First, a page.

7) After seven years in ICU, I took a job as House (hospital) Supervisor in order to get off nights. Now, talk about an interesting job. The nursing supervisor was the one who took over for all the department managers after hours. I took calls and problems from every department of the hospital. I'll never forget the night I was so busy I thought my legs were going to fall off. My pager was buzzing off my belt and I was hungry as a horse. I grabbed a sandwich but didn't have time to take much of a break. Being near the ER I ducked into the Out Patient Department, which was closed, turned on a few lights and sat down at the desk to eat and review the staffing schedule. I'd taken three bites of my sandwich when something felt funny. Looking up I peered through the glass window into the dusky dim patient care area ahead. Squinting to see into the darkness, I was not so pleasantly surprised to see a dead body perched on an ER cart waiting for a funeral home pick up. I was so disappointed I couldn't even eat alone.

8) After many years working in the hospital, I went to work as the nurse at a school for children with communicative disorders. Having Dani made caring for these children somewhat natural, but believe it or not this job proved to be one of the most stressful jobs I've ever had.

9) For the next ten years, I home schooled Dani. As her mama, teacher, and caregiver this time of focus was by far the most touching jobs I've ever dedicated myself to.

10)At the present I am back into the hospital setting working in the Quality Department. Relying on all my past years of experience we monitor and help maintain the highest standards possible for safe and efficient health care. It's good to be back in the hospital setting. Sure beats making banana splits!

Ok. Now it's your turn. What are the jobs you've had through the years? Which ones did you like most and which ones were you most happy to leave?


katiegfromtennessee said...

Hi Mrs. Nancy:)

I worked at a grocery store in highschool, at a bookstore during all of my college years, and at a photoshop, home retail, and temp work after college. Now, I really just want to be a stay at home momma:)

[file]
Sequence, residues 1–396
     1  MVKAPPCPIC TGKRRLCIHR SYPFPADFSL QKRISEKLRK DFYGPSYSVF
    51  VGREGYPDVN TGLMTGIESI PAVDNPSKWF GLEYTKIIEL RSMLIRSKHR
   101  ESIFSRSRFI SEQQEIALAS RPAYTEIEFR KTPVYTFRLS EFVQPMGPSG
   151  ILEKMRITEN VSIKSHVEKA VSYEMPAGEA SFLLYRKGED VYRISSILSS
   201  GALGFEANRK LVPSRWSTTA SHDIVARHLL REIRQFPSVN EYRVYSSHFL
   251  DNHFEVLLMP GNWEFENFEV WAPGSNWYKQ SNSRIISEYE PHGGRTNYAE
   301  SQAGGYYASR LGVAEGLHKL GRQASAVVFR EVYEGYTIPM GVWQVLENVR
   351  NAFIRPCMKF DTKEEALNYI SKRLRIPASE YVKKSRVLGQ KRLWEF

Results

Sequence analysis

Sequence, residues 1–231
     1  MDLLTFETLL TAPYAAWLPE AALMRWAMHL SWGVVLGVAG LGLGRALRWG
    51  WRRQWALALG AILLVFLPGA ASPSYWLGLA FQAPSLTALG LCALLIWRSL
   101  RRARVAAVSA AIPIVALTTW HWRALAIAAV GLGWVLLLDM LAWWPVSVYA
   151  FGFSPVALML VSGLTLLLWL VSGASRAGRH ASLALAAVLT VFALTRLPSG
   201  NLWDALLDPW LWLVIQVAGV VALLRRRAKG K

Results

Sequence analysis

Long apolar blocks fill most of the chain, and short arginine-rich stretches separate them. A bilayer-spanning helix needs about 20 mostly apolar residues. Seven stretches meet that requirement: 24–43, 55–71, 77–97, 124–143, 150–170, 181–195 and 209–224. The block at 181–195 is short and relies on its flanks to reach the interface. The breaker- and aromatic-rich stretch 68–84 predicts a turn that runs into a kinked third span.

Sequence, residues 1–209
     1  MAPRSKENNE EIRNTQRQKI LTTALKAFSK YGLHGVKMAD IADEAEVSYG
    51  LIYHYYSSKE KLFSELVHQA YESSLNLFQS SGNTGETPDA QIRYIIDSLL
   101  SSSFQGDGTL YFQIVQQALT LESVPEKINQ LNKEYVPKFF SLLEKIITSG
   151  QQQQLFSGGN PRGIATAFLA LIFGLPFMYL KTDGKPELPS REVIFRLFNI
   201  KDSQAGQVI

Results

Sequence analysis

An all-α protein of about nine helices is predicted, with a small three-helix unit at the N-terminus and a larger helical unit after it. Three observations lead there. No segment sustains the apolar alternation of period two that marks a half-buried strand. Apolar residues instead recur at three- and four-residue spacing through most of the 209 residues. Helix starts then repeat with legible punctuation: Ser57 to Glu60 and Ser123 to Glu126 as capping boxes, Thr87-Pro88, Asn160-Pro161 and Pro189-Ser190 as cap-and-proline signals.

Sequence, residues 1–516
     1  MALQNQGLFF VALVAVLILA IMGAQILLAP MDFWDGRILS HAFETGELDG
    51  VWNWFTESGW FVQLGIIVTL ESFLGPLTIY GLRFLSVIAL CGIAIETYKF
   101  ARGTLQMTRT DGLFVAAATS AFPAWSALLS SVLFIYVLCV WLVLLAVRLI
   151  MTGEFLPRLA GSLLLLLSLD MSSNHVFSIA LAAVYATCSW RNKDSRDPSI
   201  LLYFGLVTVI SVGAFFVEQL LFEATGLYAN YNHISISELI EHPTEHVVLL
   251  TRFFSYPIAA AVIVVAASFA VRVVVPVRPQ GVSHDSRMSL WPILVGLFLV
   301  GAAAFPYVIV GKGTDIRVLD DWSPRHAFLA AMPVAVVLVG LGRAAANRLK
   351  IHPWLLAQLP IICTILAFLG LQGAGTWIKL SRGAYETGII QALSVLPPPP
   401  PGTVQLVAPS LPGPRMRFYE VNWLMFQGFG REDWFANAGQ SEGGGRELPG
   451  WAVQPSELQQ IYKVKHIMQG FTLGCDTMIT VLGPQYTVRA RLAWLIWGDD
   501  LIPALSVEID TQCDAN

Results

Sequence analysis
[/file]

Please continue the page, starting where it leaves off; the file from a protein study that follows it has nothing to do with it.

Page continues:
Cheryl Barker said...

Fun post, Nancy. I started with babysitting, worked in a yummy donut shop in high school and got to take home leftovers (my family loved that!), graduated to secretarila work in the Registrar's office all through college, before finally becoming a teacher. Loved it but knew I couldn't give my own kids the attention they deserved if I tried to do both so I spent many years being a full-time mom and homemaker. When my girls got into jr. high and high school, I started on my writing journey, and that's the path I'm still on. I've been blessed and have enjoyed all my jobs, though I did have to go to work way too early back in my donut shop days :)

Abba's Girl said...

I too have an aversion to banana splits, I don't think I would have liked that job 1 bit.

I was a classroom assistant at the ballet studio, made a few dollars a month, received a pair of new tights at Christmas and a new pair of ballet shoes each year. (Mom appreciated this aspect of it.)

I baby sat for several children. I loved them all so much.

When I was 17, I went to work at a travel agency for 3.75 an hour, minimum wage was around 2.00 at the time, I felt rich. I delivered tickets to our corporate accounts and answered phones, worked with a great bunch of ladies who had fun but were totally professional.

I taught ballet and pointe for years, but the night hours became too much and I retired.

I also worked by day at my father's investigative firm. Worked with all men...they never gossiped, lots of sports talk and discussions about cases and the latest headlines, it was a nice atmosphere. I could blast praise music all day and no one minded.

Hope you had a great weekend!